The White Review editor Jacques Testard takes part in the Independents Day panel discussion Paths to Publication, 5pm - 6pm on Thursday 6 June, exploring the role of literary magazines in cementing the reputation of new writers, and the relationship between experimental writing and publishing practices. Here Jacques gives an introduction to The White Review.
In February 2011, Benjamin Eastham and I launched the first issue of The White Review, ten months in the making. A London-based arts and literature journal, it takes its name and a degree of inspiration from La Revue Blanche, a Parisian magazine which ran from 1889 to 1903 and was edited for some time by the anarchist and critic Félix Fénéon. Now in its seventh print issue, each edition of The White Review combines a unique collection of new fiction and poetry, interviews and essays, and original works of art and photography, by emerging talent and established names. An online issue with shorter, original, web-only material is also published at the beginning of every month.
A few issues back – the fourth, to be precise – we grandiosely stated ‘that it is more important now than ever to provide a forum for expression and debate’. The current edition of The White Review, the seventh, goes further than its predecessors in this respect. It coincided with the announcement of the winner of the inaugural White Review Short Story Prize for unpublished writers which, with 472 entrants, demonstrates the vitality of literary culture in Britain and Ireland. (Claire-Louise Bennett took home the £2,500 prize for The Lady of the House).
This culture, and the oft-mooted notion of its decline, is the subject of a timely essay in the current issue – published just weeks before Granta announced its 2013 Best of Young British Novelists list – by Jennifer Hodgson and Patricia Waugh. ‘Whatever happened to the British novel?’ they ask, arguing for an alternative postwar British literary canon, and identifying the current ‘British literary establishment’ as ‘the perfect pricks, so to speak, to kick against’.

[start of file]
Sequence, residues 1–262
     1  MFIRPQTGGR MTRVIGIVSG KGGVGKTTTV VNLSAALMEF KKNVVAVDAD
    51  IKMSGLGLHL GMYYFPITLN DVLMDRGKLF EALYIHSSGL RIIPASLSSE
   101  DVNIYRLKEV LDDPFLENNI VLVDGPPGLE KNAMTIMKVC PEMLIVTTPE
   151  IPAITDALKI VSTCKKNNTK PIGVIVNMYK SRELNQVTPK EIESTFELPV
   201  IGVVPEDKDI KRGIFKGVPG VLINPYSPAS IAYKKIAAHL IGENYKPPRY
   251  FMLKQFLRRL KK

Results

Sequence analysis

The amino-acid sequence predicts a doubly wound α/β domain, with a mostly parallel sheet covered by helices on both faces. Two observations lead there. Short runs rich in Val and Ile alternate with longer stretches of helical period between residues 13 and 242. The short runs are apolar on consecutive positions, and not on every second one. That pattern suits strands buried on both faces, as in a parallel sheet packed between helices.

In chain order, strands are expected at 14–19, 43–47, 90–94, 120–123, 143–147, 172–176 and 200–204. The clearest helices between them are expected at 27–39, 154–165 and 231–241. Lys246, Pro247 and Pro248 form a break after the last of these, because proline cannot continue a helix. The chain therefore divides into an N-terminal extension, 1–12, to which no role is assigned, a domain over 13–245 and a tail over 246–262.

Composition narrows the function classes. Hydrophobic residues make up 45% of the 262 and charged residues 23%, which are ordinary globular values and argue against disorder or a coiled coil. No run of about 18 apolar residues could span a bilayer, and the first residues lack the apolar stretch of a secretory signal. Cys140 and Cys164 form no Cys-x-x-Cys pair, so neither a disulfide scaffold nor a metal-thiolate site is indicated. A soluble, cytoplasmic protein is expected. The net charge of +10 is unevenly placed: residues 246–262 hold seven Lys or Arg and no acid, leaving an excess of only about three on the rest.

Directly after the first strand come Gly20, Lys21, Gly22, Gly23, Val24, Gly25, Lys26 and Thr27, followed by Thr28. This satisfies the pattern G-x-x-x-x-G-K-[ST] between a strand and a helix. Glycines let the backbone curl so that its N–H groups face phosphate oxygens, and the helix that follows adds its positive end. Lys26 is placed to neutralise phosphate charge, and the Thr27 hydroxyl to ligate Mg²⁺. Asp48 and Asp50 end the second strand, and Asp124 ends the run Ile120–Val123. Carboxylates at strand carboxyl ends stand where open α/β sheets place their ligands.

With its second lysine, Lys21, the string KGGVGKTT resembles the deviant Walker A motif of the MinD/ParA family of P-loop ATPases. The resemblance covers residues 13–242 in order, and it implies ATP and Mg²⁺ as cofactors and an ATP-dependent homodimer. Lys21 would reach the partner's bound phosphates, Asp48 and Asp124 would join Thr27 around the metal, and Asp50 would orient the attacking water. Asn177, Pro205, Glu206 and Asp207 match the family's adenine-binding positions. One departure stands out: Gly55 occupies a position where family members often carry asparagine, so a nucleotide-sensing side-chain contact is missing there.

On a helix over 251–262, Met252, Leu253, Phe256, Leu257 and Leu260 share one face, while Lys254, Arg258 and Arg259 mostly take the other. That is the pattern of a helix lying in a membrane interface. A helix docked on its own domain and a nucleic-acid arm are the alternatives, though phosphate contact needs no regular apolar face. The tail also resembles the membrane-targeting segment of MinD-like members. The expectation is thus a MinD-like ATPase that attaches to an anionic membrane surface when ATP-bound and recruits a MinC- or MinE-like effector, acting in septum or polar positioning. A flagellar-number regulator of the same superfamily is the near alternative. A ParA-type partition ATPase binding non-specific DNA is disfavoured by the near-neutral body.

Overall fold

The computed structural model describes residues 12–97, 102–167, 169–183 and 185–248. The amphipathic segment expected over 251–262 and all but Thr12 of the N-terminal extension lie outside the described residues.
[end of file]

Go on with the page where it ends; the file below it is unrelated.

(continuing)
Also, provocatively, in this edition: a Guardian reader critiques its opinion pages; and Keston Sutherland, interviewed, asserts the ability of radical poetry to effect the ‘fundamental transformation of human life’. Really touchy readers might even take exception to Lawrence Lek’s wonderfully esoteric take on the Shard, ‘the last building of the twentieth century’. This issue also sees us renewing our commitment to fiction and poetry in translation – with new work by Edouard Levé (conceptual art meets Oulipo), Peter Stamm and the venerable Yves Bonnefoy – and to new writers such as Jesse Loncraine.
The White Review was founded with the intention of opening up a space for new writers and artists, but also to give free rein to innovative forms of artistic expression. We still believe that it is more important now than ever to provide a forum for expression and debate. We are indebted to the support of the many people who are similarly committed to the idea that a healthy and varied culture is integral to a society’s well-being. The enduring hope, to finish on another grandiose quote of ours, is that an issue of our magazine ‘inspire[s] you to pick up a pen, a paintbrush, or a placard’.
Editor, The White Review
Jacques Testard takes part in the Independents Day panel discussion Paths to Publication, 5pm - 6pm on Thursday 6 June, exploring the role of literary magazines in cementing the reputation of new writers, and the relationship between experimental writing and publishing practices.